GameMaker, the popular tool for both beginner and experienced devs, has finally got an updated version, GameMaker Studio 2. Revealed shortly after GDC 2017, the updated engine has a new look as well as features, including layer-based level editing that makes it possible to create more complex visuals with backgrounds, tiles, instances, assets and paths. Also, now there’s level inheritance – to create multiple levels at once, as well as an advanced tiling system that automatically selects the right tile for the job. At GDC 2017 Gamesauce got a chance to see the new version of GameMaker being shown by YoYo Games’ CTO Russell Kay, and to find out more about the popular engine.
As a developer, you want the world to think that you are a thriving company with half a dozen employees destined for greatness in the indie game scene. But Bobby Patteson, the owner and CEO of the Toronto-based company Highcastle Studios, decided to tell the truthful story of making a game that is not on Steam’s top 100 sellers list. Bobby is a former male fashion model, an inventor, an artist, a computer game developer, and in between all that, you can find him doing all the jobs that nobody else wants to do (for the minimum wage, he adds). Highcastle Studios is literally one guy making games with a little help from Jonathan, an intern from last summer, and music commissioned by Matthew Joseph Payne. Bobby defines his goal as “to make weird games that explore new ways to play and interact”. Point Perfect is his first experiment.
Test Your Skills While a Friend is in a Starcraft or LoL Match
The idea of Point Perfect comes out of my love for real-time strategy games and the eSports culture that surrounds it. I noticed that there can be a lot of downtime between games of Starcraft or League of Legends. I thought – wouldn’t it be great if there was a casual game to test your skills while waiting for your friend to get out of their 40-minutes game? And so the concept for Point Perfect was born: the casual game for the hardcore gamer.
At the time, I had a passion for designing games, but absolutely no idea of how to program. So naturally I gravitated towards Gamemaker Studio to build my game. Because of the technical limitations of the engine, I decided to go for retro aesthetics. What is more, I always felt that Point Perfect should have been thought up sooner, and belonged in the 80’s with Tetris and Pong.
Making Fun of Losing the Game
There were many changes and updates of the game during its development. The original idea was to have the player only avoid obstacles with the mouse pointer. It dawned on me, however, that the game would be too similar to free titles that people could play online. There just wasn’t enough depth in mouse-avoidance alone. So I decided to allow the player to fight back by drawing boxes around enemies and blast them to bits with a laser from your mother-ship.
This was the turning point and the most exciting part of doing the game’s design, but it also created some new issues and concerns. After initial playtests, it was evident that people were having extreme difficulty with the two competing tasks of both avoiding obstacles and aggressively selecting enemies to destroy. However, I also noticed that players were keen to figure it out, and there was a strong “just one more try” element to the game.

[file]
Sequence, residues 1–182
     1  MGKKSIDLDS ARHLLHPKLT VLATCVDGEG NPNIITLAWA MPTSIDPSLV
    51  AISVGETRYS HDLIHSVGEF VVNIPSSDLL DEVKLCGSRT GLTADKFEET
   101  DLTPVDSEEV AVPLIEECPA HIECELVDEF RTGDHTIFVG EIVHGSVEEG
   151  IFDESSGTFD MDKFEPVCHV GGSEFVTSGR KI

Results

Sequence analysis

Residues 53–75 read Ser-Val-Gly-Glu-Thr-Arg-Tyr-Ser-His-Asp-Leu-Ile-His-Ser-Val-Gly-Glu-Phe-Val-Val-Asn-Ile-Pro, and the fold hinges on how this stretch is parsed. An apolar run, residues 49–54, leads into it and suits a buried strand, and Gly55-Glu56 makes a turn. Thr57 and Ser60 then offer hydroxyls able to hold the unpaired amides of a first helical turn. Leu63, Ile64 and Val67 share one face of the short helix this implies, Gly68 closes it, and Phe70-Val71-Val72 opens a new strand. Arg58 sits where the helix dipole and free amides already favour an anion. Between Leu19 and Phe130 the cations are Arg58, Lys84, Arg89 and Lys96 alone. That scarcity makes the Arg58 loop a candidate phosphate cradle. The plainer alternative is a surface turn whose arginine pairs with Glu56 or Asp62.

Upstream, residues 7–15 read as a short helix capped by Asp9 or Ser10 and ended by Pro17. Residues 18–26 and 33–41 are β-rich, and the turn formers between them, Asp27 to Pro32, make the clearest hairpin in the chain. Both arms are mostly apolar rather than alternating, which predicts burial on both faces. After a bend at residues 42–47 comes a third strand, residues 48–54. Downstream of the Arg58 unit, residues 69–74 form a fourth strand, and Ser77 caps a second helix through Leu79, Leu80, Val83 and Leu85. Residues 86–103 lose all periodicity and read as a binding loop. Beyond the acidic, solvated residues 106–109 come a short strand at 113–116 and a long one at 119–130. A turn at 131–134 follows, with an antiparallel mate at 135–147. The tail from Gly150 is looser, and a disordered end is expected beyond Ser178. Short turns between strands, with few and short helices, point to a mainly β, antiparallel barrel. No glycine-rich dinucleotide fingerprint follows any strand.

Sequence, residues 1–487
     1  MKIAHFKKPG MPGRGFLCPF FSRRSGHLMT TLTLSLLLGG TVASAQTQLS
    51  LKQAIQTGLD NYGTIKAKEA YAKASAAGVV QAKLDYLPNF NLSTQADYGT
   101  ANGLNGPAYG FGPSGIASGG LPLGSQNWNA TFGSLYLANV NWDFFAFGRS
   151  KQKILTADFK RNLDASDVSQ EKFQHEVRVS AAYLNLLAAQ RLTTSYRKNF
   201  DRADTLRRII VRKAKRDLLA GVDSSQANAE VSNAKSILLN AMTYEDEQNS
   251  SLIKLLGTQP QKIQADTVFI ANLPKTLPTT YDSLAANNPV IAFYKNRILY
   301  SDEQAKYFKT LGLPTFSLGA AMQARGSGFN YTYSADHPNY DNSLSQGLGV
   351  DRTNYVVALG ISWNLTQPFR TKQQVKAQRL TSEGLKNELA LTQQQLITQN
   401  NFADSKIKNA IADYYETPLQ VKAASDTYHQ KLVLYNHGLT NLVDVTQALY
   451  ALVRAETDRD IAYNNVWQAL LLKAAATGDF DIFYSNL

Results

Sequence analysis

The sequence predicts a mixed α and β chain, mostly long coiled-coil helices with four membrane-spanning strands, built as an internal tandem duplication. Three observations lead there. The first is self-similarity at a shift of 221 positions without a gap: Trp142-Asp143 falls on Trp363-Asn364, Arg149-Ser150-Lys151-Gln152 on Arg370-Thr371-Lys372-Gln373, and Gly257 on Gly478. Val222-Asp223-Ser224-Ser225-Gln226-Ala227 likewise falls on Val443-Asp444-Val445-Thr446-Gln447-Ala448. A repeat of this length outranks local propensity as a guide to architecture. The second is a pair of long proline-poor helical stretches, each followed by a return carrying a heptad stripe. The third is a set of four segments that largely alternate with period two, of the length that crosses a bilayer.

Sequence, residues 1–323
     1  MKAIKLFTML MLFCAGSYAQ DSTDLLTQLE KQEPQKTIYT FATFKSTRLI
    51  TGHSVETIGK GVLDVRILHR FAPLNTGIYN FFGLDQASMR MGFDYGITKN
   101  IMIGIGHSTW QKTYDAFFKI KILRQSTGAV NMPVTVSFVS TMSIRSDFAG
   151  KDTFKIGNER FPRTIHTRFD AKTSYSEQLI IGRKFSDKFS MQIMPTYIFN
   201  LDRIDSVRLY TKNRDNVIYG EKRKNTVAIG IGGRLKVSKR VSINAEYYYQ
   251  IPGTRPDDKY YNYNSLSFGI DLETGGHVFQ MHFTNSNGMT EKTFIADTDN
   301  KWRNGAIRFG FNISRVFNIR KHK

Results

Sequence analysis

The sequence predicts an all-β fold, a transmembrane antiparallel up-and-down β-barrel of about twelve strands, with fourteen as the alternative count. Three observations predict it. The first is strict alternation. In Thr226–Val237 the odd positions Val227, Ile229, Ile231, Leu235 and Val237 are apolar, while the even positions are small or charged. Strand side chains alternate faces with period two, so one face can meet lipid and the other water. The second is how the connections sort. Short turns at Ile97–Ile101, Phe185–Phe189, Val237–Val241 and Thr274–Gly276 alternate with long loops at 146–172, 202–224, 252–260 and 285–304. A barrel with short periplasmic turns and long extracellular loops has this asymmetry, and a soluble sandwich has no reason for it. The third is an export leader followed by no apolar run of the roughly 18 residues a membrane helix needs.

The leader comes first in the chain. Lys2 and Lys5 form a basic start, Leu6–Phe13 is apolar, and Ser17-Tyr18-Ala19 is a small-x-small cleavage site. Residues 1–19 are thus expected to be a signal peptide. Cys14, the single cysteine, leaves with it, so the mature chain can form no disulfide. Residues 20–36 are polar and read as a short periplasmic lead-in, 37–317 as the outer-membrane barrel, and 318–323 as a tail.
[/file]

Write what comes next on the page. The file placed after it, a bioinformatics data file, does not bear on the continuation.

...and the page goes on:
After a while, the player would adapt and be able to understand the gameplay, but the initial learning curve was very steep. That’s why I decided to add probably the most controversial element to the design: “making fun” of the player for losing! After all, the players who might get offended by this are not the people who would be playing my game in the first place. So the decision came to embrace the difficulty of Point Perfect and try to get the player to laugh about it.
Graphics Define Audience Range
I am very happy with my final product, but there are some things I may have done differently a second time around. The most notable is the importance of the game’s graphics to appeal to all audiences.
It’s very easy for a game to be discriminated because of the graphic design. There’s so much depth and content in Point Perfect, and it breaks my heart when I hear things like “is this a Flash game?” or “this should be free”. Believe it or not, it’s also very easy for the media to have the same opinion based on a first glance. The retro look fits my personal taste and vision for Point Perfect, and while there are many gamers who love it, there are also many demographics that I have found despise this art style, unfortunately. Maybe a better fusion of old and new would have made a difference in making my game more appealing to different audiences.
Point Perfect was picked up by a publisher, Plug In Digital, and distributed over all the major online stores such as Desura, Humble Store, and Steam on July 17, 2014. It has quickly gained the reputation of one of the hardest PC games out there and has been somewhat of a cult hit with YouTube celebrities because of its unique design and crazy sense of humor.
Overall, the game has been received quite well by the game media and reviewers. And while the sales are not blowing the roof off, I am told to be above average for an indie release. I am currently developing a new game labeled as totally top secret, for now. I’ve decided to venture into the realm of 3D and put more artistic abilities to use this time around.
Point Perfect is now available only for Windows PCs, and Bobby might make it MAC and Linux compatible in the future.
Megafuzz is a Danish indie game studio founded in 2013 by Jeff Jensen. With their flagship game Spoiler Alert conceived at a game jam, they are all about passion, creativity, and fun. A genuine love for the game is their strongest foundation. Jeff discusses the ups and downs of creating Spoiler Alert.
When Everyone Goes Right, Go Left. Literally.
In true indie spirit, Spoiler Alert was born at a small Danish game jam in Viborg in 2012. I remember the jam’s theme had just been announced: “resistance”. As many jammers in the corners were discussing various rebel games, friction-based games etc., I had a slightly different train of thought. I was thinking of “resistance to mainstream”. And what was the most mainstream thing I could think of in a videogame? That you had to complete it! Why not uncomplete it instead?
The jamming was about to begin, and I still hadn’t found anyone with whom I really got along. I was about to go solo when a tall, calm guy approached me, introducing himself as Martin Pedersen, a graphics artist. I explained to him my idea for the game (a reversed Super Mario), and we made an official team. Discussing ideas of how to proceed with our game, we immediately hit it off, and there was chemistry unlike anything I’ve ever felt before with a game jam partner.
Internet and Phone – Connecting Developers